The Fifth Estate opens Friday

Earlier this week, Julian Assange, the founder of the news organization WikiLeaks, released an email he had sent to Benedict Cumberbatch, the actor portraying Assange in the new bio-drama The Fifth Estate. In the letter, Assange insinuates that Cumberbatch was being used as a tool to undermine the website’s work helping whistleblowers shine a light on corruption and crime. At the time, Assange had only read the script. Judging from the film itself, one has to wonder if Assange had anything to worry about after all.

The Fifth Estate purports to be the story of the creation of WikiLeaks, as adapted from two books that Assange has called “discredited,” one of which was written by a volunteer removed by Assange in 2009. That volunteer, Daniel Berg (played here by Rush star Daniel Brühl), meets Assange in 2007 at an Internet conference. It doesn’t take long for the young man to be swept away by the charismatic leader’s thoughts on how those with the talent to hack television remotes as a prank should be using their tech knowledge to make the world a better place. Berg quits his job shortly thereafter to devote more time to WikiLeaks, and he eventually becomes witness to the largest leak of military documents in United States history.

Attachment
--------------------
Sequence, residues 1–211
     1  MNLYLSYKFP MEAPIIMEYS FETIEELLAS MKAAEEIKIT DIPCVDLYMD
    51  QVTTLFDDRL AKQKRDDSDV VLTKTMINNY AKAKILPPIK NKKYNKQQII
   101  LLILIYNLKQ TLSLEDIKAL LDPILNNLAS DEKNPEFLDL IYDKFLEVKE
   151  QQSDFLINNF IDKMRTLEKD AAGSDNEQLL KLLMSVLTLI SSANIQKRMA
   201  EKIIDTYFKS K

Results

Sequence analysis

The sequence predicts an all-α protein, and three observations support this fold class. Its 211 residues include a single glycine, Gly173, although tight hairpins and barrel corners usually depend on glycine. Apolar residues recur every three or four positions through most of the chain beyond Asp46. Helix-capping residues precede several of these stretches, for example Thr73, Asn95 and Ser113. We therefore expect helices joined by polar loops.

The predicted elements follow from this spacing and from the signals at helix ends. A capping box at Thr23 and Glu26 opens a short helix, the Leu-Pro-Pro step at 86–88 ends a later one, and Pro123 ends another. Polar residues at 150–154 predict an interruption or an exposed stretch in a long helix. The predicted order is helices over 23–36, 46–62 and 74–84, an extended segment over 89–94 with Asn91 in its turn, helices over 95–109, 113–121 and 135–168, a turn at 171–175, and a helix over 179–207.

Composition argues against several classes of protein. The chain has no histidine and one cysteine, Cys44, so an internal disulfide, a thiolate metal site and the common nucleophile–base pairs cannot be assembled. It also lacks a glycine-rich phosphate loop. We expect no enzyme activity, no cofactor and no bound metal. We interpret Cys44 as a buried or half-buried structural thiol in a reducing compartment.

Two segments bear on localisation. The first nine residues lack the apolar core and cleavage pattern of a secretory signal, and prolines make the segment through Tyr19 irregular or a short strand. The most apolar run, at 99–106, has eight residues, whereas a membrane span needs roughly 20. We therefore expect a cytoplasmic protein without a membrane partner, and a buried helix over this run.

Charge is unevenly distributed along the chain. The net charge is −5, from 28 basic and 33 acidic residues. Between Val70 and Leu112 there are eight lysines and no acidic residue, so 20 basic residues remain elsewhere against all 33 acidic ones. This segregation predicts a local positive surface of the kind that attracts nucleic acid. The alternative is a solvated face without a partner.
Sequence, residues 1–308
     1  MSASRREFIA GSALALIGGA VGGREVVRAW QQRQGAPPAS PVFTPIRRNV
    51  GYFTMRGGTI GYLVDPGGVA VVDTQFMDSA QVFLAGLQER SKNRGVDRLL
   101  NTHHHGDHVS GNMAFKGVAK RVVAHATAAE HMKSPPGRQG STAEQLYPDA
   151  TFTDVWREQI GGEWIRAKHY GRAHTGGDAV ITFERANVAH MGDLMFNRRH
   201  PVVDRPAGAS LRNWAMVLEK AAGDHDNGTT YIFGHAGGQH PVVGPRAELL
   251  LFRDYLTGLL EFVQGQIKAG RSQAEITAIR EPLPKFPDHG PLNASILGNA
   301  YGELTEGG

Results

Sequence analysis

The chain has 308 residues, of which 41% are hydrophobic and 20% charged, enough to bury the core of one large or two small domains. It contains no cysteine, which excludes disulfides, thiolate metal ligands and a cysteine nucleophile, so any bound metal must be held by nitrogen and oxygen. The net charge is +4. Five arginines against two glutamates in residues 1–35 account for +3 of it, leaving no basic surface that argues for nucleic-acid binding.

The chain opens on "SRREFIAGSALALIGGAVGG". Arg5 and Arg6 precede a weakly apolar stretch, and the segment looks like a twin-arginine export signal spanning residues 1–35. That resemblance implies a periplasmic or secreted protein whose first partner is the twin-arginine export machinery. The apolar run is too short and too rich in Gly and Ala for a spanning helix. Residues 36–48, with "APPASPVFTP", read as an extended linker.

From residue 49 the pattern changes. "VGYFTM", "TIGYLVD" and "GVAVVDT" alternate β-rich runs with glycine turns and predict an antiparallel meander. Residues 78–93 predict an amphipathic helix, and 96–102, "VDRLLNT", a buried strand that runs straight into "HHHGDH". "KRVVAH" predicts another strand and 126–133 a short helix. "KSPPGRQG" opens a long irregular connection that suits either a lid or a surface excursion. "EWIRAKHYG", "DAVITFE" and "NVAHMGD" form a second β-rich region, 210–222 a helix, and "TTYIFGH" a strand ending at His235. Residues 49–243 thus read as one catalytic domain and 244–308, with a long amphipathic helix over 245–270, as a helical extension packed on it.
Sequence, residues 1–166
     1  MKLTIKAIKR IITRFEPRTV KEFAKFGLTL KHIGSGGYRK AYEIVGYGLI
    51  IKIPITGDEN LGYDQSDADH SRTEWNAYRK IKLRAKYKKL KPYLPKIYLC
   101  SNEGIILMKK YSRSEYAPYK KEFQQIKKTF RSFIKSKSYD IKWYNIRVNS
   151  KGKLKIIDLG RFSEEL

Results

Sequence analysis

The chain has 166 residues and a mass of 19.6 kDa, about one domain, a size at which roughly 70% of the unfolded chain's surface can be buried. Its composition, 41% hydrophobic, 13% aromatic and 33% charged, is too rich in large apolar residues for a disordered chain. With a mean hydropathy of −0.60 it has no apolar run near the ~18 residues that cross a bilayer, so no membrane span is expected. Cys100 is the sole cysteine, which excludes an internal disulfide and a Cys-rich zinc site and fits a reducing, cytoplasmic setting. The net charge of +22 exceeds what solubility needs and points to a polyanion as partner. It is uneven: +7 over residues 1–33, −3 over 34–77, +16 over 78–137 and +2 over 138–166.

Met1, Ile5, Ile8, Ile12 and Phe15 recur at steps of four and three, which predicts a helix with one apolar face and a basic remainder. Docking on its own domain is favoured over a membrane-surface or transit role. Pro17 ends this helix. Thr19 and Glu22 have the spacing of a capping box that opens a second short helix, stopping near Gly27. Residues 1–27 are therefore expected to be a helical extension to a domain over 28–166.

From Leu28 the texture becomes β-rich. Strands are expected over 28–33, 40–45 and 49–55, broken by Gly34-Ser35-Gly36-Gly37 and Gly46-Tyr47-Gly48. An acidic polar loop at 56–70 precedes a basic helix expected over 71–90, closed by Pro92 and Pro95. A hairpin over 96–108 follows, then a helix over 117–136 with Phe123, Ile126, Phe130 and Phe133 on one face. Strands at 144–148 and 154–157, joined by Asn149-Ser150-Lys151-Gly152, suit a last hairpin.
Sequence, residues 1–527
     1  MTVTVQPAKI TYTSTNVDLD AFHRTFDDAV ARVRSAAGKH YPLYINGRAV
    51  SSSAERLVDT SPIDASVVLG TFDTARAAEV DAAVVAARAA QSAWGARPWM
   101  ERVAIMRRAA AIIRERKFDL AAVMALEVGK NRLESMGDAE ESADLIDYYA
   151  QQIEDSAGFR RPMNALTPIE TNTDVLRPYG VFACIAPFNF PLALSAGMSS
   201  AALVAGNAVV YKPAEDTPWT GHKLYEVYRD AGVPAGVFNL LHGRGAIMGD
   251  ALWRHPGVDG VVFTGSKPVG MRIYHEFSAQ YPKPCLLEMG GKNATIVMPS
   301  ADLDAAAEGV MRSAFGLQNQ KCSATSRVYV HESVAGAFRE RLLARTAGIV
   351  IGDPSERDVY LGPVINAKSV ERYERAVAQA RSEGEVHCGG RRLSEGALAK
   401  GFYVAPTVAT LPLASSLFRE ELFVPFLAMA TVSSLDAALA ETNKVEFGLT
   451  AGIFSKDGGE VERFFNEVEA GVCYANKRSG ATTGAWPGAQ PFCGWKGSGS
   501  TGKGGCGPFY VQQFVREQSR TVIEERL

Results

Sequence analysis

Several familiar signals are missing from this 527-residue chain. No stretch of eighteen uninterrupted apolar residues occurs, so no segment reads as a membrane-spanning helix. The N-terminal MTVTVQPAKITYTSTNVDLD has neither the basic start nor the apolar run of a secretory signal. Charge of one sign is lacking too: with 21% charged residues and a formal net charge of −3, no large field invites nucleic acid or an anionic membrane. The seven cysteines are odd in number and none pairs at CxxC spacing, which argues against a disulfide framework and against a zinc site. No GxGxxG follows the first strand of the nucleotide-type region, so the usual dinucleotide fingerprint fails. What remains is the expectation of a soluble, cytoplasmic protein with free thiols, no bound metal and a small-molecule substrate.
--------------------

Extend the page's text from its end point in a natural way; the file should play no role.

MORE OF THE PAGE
The Fifth Estate plays as a tale of new media told by a technophobe. Director Bill Condon is a celebrated filmmaker, with credits including Dreamgirls, Kinsey and Gods and Monsters, but the similar eras of those films suggest Condon may be more comfortable with mid-20th-century subjects. The Fifth Estate treats computer programmers as invincible foes for the adults who have to make the hard decisions, and online news sites as unethical outlets that lack the editorial rules “real” journalists have. Condon wanted to make this year’s equivalent of The Social Network; instead, we get an updated version of Hackers.

The only thing that saves this movie is the actors’ ability to rise above the screenplay. Cumberbatch and Brühl are adequate in their starring roles, but Laura Linney shines as a state department official forced to deal with the danger that the leaked government documents have put hundreds of U.S. operatives overseas. Peter Capaldi and David Thewlis’ portrayals of journalists at The Guardian tease us with glimpses of the better movie that could have been made if more talented people were working behind the camera.

This article appeared in print with the headline “White guys.”